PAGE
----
Today’s Doodle honors the legacy of groundbreaking Scottish scientist Mary Somerville. On this day in 1826, one of Somerville’s experimental physics papers was read by the Royal Society of London, the UK’s National Science Academy. It became the first paper by a female author to be published in the prestigious Philosophical Transactions, the world’s oldest science publication, which is still active today.
Born in Jedburgh, Scotland, on December 26th, 1790, into a distinguished family of humble means, Sommerville spent her early years helping her mother with chores around the house and enjoying nature in the family garden. At the age of 10, her father returned from overseas and decided to send her to a boarding school for a proper education.
It was at boarding school that her art teacher explained how the fundamentals of painting could be traced back to Euclid’s Elements of Geometry. After acquiring a copy of the classic book, Somerville delved into teaching herself astronomy and mathematics. Following years of independent learning and research, she went on to publish her own scientific papers and books.
In 1831, Somerville’s The Mechanism of the Heavens revolutionized the existing understanding of the solar system. This highly-praised essay laid the groundwork for her breakthrough book, The Connection of the Physical Sciences (1834), which became among the best selling science books of the 19th century. Its third edition in 1836 provided the clues astronomer John Couch Adams needed to discover Neptune.
In Connection, Somerville revealed the underlying links between the different disciplines of physical science, on which a reviewer of the book first coined the word “scientist” to describe this multidisciplinary approach.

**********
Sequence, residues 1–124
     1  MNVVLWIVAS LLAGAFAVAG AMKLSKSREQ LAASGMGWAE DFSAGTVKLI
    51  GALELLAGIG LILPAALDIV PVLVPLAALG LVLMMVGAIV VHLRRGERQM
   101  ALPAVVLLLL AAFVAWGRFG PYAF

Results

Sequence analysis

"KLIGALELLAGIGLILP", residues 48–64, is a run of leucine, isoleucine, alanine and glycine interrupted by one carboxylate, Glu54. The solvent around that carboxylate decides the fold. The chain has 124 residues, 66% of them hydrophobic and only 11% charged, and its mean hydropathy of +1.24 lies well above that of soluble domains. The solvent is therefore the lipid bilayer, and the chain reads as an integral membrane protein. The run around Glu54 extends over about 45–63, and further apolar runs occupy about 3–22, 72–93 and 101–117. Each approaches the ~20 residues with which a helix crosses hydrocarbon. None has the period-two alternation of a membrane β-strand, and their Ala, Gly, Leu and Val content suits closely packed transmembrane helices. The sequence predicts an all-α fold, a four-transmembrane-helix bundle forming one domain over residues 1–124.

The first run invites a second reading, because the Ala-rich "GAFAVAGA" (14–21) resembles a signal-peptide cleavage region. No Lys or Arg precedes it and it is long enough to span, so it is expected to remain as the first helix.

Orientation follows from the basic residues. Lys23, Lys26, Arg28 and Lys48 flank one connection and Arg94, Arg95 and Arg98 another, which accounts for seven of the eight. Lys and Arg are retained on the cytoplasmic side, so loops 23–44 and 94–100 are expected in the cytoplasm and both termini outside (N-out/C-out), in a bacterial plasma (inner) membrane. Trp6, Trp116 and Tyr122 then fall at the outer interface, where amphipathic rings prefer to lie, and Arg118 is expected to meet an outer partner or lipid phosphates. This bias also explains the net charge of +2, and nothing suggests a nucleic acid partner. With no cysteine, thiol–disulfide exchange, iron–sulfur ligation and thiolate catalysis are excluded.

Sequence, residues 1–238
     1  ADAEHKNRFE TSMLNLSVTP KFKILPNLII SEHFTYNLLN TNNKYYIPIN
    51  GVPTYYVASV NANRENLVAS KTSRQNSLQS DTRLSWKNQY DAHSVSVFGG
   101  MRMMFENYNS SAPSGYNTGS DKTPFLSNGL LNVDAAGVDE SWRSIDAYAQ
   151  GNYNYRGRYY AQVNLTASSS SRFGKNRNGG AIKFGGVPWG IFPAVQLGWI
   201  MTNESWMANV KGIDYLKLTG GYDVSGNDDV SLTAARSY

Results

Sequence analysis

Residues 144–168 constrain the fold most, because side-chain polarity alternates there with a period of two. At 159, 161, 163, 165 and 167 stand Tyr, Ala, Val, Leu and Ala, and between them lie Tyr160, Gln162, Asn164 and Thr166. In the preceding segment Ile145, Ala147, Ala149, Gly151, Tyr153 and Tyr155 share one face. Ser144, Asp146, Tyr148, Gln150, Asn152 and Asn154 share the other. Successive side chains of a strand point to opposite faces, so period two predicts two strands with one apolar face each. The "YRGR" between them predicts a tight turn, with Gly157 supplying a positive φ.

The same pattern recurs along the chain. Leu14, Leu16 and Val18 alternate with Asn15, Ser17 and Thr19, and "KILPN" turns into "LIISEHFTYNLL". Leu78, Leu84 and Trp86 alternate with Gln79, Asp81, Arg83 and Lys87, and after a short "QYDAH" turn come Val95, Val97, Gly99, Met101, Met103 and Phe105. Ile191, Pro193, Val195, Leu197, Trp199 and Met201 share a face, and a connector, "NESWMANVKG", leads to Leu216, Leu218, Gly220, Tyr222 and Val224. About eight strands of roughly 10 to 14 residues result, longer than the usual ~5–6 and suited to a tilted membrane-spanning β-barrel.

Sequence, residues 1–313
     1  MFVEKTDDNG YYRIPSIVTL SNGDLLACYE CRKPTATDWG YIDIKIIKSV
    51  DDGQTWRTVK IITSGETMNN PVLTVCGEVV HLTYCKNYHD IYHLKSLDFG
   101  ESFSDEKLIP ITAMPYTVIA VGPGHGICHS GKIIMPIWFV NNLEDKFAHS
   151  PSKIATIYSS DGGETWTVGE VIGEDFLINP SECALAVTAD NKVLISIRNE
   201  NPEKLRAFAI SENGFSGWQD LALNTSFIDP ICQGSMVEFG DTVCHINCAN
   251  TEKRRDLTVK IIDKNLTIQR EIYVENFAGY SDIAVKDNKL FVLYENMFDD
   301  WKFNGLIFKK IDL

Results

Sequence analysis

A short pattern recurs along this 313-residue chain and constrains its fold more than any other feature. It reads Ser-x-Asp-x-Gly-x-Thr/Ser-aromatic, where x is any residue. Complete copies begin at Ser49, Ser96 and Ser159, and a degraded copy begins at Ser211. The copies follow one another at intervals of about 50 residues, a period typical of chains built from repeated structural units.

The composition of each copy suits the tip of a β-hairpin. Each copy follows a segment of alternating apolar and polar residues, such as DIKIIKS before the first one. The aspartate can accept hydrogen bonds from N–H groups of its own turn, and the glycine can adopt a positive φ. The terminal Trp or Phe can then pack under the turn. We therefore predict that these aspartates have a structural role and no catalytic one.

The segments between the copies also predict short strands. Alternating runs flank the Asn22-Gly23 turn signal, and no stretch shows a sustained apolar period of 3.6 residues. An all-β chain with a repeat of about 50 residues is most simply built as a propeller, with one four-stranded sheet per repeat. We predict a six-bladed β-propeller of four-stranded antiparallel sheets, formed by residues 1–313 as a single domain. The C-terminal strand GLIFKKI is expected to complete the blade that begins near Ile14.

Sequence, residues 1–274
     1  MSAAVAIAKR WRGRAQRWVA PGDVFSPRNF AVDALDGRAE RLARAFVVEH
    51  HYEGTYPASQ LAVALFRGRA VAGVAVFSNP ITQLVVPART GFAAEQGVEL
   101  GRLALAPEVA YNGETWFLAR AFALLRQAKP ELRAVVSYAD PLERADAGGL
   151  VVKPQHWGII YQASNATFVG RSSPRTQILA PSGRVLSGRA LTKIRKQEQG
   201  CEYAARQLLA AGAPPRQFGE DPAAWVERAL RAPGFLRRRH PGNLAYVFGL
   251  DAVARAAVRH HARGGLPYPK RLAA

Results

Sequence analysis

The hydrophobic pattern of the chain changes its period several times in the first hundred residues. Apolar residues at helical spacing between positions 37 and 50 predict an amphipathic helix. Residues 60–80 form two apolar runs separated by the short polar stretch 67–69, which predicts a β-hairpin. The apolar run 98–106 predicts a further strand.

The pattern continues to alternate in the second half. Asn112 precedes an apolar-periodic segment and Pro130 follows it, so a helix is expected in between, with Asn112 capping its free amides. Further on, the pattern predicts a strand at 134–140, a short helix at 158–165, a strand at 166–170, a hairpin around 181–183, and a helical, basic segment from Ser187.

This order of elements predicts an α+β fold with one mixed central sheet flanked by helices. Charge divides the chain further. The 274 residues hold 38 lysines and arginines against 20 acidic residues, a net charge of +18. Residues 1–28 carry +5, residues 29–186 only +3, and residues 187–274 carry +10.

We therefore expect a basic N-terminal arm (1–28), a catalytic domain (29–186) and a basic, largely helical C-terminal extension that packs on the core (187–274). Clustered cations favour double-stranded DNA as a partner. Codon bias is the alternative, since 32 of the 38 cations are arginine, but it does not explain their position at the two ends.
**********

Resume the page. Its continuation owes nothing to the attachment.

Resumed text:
Not one to be pigeonholed, Somerville was also a vocal advocate for equal rights and the first person to sign the 1866 women’s suffrage petition.
In 2016, the Institute of Physics celebrated Sommerville’s innovative thinking, which paved the way for the ever-increasing number of women in STEM fields, by introducing the Mary Somerville Medal and Prize for scientists who engage the public through their work.
Meet the Scottish scientist, Mary Somerville on Google Arts & Culture. Find out how her expertise led her to become the joint first female member of the Royal Astronomical Society.
Doodler Q&A with Alyssa Winans
Today’s Doodle was created by Doodler Alyssa Winans.
Below, she shares some thoughts on the making of the Doodle:
Q: Is there anything about Mary Somerville’s story that resonated with you?
A: I admire her voracious appetite for learning. It’s inspiring that she was so deeply interested in such a wide array of topics.
Q: What was your creative approach for this Doodle? Why did you choose this approach?
A: I wanted to focus on a range of subjects that she contributed to. Most of my sketches revolve around different ways of showing the breadth of her knowledge.
Q: Did you draw inspiration from anything in particular for this Doodle?
A: I was especially inspired by how many books she wrote in a time when being a female writer was a challenge. I tried to sneak that into the art as well.
Q: Are there any technical tricks you used to create this Doodle that you can share with young artists?
A: I heavily relied on transparencies for the overlapping spheres in this Doodle! I think it helps give complexity and depth to an otherwise straightforward image.
Q: What do you hope people will take away from this Doodle?
A: I hope this Doodle will shine a light on Mary Somerville’s contributions, and people will feel inspired to explore a broad range of interests.
Early concepts and draft of the Doodle
Somerville focusing on different areas of study.
The final artwork includes a nod to Somerville’s contribution to Neptune’s discovery, as well as the Somerville Crater.